Molecular Pathogenesis of Giardia lamblia: Adherence and Encystation
Giardia lamblia, a non invasive protozoan pathogen of the human small bowel, causes a spectrum of infection ranging from asymptomatic carriage, through acute watery diarrhea, to chronic diarrhea and malabsorption. Giardia has a simple life cycle, existing in just two forms, the multiplying trophozoite which infects mammalian hosts to cause disease, and the environmentally resistant cyst which serves in the transmission of infection from host to host. Efforts to understand disease pathogenesis and control infection therefore focus on the cell biology of the trophozoite, whereas public health interests target the process of encystation and the potential for control of spread. There are at least three clearly discernible steps in pathogenesis, once the cyst has been ingested and excystation has been triggered by a drop of pH in the stomach. First, the trophozoite has to colonize the small intestinal mucosal surface, second it may disrupt the normal physiology of the gut and produce intestinal symptoms such as diarrhea and malabsorption, and third, it must transform into the cyst in order to reach the external environment and propagate the species.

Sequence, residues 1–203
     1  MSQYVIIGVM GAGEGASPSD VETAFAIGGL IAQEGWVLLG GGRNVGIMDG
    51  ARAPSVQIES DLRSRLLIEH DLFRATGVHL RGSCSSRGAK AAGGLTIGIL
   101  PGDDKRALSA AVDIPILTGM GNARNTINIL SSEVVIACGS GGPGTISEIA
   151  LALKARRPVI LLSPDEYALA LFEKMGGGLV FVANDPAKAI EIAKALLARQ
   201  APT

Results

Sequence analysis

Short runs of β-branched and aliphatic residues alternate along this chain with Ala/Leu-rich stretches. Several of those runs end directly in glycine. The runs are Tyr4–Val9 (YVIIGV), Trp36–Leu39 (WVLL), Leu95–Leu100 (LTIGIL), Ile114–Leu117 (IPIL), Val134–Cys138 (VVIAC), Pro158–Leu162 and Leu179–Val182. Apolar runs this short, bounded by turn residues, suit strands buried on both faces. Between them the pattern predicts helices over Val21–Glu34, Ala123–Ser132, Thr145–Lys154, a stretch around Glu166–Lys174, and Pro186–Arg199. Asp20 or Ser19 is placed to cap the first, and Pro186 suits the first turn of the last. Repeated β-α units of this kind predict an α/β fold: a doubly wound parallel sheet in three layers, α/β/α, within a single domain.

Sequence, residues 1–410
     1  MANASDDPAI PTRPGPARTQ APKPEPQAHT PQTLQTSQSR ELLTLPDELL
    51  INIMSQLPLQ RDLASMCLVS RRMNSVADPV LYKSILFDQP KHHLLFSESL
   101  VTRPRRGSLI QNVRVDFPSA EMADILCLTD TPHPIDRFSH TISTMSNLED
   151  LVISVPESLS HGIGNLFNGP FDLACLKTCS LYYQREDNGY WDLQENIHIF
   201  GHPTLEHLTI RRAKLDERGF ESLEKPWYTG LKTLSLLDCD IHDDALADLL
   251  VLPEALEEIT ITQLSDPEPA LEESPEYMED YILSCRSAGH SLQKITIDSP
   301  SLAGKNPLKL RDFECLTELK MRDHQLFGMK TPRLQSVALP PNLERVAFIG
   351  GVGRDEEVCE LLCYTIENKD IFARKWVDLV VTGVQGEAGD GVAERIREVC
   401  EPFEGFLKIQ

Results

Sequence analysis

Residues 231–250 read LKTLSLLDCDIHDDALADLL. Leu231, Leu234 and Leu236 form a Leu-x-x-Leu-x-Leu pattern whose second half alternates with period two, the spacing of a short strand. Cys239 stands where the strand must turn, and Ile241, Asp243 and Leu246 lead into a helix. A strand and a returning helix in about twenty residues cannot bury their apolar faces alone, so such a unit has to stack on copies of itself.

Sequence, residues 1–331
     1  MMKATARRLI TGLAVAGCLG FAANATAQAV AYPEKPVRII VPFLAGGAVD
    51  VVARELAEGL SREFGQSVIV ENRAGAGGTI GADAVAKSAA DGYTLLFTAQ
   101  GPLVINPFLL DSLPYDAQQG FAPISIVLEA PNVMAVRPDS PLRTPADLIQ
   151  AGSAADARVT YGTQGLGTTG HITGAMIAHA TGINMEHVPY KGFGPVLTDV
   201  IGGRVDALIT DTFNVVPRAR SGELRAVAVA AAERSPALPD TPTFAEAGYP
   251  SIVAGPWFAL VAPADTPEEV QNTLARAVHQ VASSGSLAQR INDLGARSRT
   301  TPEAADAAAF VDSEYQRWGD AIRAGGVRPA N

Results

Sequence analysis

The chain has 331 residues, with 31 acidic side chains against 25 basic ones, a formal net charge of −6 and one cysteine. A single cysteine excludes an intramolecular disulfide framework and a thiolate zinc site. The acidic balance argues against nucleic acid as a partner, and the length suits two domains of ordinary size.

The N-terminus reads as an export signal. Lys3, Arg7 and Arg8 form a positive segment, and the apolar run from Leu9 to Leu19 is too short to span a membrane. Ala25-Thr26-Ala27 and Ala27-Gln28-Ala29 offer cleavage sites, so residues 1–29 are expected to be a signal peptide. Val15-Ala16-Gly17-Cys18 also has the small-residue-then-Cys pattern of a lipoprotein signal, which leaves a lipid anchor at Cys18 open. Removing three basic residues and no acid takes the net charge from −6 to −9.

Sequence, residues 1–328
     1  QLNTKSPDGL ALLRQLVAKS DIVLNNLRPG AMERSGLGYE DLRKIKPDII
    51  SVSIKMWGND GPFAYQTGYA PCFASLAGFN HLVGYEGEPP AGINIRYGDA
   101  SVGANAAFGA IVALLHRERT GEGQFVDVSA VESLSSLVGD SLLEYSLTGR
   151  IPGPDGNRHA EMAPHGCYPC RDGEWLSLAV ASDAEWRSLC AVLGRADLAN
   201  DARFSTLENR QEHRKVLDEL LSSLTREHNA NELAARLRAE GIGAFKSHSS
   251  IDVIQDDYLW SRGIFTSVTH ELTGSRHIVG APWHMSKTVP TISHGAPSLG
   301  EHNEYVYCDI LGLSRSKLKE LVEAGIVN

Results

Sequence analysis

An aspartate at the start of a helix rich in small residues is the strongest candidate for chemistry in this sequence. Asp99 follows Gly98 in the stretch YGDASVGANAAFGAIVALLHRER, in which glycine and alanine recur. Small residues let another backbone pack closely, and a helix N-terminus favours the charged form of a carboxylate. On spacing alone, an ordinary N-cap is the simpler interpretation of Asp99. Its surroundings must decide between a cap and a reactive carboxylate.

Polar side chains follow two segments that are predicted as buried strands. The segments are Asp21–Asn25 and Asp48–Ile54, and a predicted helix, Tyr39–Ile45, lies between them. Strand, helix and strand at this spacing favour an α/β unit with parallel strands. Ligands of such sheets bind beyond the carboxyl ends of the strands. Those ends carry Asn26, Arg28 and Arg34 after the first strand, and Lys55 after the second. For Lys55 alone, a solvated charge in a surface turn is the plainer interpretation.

KeywordsWheat Germ Agglutinin Lectin Activity Rabbit Erythrocyte Giardia Lamblia Public Health Interest
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